By Kirk Blaine – February 6, 2023
As 2022 has come to a close and we have embarked 2023, the Steamboaters have been reflecting upon the work we completed this past year. From working to restore an all wild steelhead North Umpqua to increasing pressure on the owners of Winchester Dam, The Steamboaters are fighting to help conserve and protect the North Umpqua River and those wonderful fish that call it home.
2022 started rough. We experienced a relatively low winter steelhead return over Winchester dam, seeing 5,359 wild fish compared to the outstanding year of 2020 where the North Umpqua saw 10,131 winter steelhead. We received a late push of rain in April of 2022 to help bump the rivers up and get any straggling steelhead up to their native spawning grounds.
The spring continued to see copious amounts of water to help rejuvenate the entire Umpqua basin. Flows remained high through the early summer, worrying folks who were actively monitoring the wild summer steelhead that returned to the “Bend Pool” up Steamboat Creek. It wasn’t until mid to late June that flows dropped and the caretaker, Ed Kukimoto, observed the first fish of the year returning to the basin.
Summer continued with sustained flows of what seemed to be good fishing. Anglers were encountering fish consistently, a welcomed change from a closed river in 2021. Flows remained relatively stable, and the water temperatures did not get excessive until late summer. Only a few days did the temperatures reach dangerously high levels for fish. Unfortunately, we as anglers stand out at how good we are at catching fish, regardless of population size. Oregon Department of Fish and Wildlife counted a total of 1,346 wild steelhead over Winchester Dam. The second lowest run of wild fish ever on record (factoring in the harvest of wild summer steelhead below Winchester Dam pre 90’s). Through anecdotal observations and personal experience, it is likely we caught most of those 1,300 fish that returned this year. A reminder that we must practice the best catch and release techniques and actively limit our negative impacts.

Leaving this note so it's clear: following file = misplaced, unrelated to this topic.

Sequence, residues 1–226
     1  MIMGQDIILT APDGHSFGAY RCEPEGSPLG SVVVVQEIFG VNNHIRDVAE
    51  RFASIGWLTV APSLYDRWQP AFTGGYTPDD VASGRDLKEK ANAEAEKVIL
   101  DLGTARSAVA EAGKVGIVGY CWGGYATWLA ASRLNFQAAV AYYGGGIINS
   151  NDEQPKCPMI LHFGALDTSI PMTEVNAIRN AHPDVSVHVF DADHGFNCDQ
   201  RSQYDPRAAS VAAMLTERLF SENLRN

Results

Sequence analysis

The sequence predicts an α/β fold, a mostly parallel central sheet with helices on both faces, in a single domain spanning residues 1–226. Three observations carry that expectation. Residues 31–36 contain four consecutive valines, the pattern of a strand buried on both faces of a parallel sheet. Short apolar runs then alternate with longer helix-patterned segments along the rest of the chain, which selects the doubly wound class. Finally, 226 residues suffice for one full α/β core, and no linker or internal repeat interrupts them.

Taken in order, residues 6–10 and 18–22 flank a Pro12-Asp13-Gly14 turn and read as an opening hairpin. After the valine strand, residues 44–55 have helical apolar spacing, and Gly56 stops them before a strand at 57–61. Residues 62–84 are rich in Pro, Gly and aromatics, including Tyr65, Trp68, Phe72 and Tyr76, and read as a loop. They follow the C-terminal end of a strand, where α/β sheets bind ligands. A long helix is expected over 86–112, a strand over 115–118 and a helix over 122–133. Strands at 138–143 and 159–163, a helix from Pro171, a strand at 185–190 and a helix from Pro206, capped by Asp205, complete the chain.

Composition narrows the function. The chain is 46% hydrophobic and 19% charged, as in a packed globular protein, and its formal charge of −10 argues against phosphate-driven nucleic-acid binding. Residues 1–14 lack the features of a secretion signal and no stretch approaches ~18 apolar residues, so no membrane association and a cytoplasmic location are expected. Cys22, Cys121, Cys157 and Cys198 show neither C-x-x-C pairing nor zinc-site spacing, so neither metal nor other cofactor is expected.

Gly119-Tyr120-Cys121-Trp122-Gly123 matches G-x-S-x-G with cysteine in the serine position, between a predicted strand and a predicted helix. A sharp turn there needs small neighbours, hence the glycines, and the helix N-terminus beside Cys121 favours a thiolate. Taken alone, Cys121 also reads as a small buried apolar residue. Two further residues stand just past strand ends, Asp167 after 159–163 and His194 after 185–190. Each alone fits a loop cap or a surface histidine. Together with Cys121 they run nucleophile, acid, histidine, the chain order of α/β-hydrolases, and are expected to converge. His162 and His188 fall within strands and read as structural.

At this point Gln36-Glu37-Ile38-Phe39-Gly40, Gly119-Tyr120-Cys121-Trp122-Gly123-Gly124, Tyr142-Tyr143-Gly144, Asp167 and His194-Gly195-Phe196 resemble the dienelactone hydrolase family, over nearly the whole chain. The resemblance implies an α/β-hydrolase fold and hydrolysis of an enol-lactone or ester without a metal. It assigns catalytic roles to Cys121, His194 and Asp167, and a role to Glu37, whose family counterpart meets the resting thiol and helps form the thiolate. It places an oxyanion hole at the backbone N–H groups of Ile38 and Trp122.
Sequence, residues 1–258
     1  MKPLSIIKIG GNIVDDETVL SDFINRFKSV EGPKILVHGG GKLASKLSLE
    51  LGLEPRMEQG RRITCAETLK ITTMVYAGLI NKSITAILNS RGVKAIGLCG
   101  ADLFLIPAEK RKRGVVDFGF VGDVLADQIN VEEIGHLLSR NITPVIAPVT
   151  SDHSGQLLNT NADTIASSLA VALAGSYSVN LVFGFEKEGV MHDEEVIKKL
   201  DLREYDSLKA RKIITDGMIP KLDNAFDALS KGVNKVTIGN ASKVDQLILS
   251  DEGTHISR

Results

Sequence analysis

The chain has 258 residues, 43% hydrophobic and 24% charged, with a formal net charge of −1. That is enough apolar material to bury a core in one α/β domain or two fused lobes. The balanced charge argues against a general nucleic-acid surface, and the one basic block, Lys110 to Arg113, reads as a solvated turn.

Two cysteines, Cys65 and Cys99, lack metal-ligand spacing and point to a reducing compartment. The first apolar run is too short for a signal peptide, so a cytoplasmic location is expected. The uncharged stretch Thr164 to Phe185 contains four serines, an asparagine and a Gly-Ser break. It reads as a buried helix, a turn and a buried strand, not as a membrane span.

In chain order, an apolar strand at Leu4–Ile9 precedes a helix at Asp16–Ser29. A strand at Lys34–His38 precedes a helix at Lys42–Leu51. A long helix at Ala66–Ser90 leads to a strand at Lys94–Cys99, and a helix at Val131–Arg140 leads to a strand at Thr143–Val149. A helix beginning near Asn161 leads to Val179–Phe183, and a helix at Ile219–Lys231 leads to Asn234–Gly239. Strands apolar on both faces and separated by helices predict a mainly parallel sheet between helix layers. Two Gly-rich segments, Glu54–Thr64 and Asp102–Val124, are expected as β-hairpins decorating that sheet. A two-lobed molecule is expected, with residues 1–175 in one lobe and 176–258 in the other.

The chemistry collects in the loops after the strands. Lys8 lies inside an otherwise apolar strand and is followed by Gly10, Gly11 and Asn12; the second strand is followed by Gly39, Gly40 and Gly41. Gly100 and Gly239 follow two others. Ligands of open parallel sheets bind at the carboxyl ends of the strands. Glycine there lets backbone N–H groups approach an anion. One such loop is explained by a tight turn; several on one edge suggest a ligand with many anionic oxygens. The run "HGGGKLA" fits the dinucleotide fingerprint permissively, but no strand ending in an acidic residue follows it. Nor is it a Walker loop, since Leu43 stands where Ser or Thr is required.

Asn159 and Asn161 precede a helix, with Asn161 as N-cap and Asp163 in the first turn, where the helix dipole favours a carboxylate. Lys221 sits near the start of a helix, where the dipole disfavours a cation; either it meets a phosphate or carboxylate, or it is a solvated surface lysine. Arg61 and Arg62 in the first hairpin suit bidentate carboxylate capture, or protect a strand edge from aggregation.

Through early 2022 we worked collaboratively with other groups including The North Umpqua Foundation to help restore an all-wild steelhead North Umpqua. We were successful in encouraging the Oregon Fish and Wildlife Commission to adopt this change for future management within the basin. An encouraging decision that will provide long-term positive effects to wild summer steelhead, maybe not for us, but for future generations who wish to continue to interact with these iconic fish.
Unfortunately, Douglas County and a local fishing guide decided to file a lawsuit against the commission, halting the implementation of the decision. The status quo will continue until the courts make a final decision in the next four months.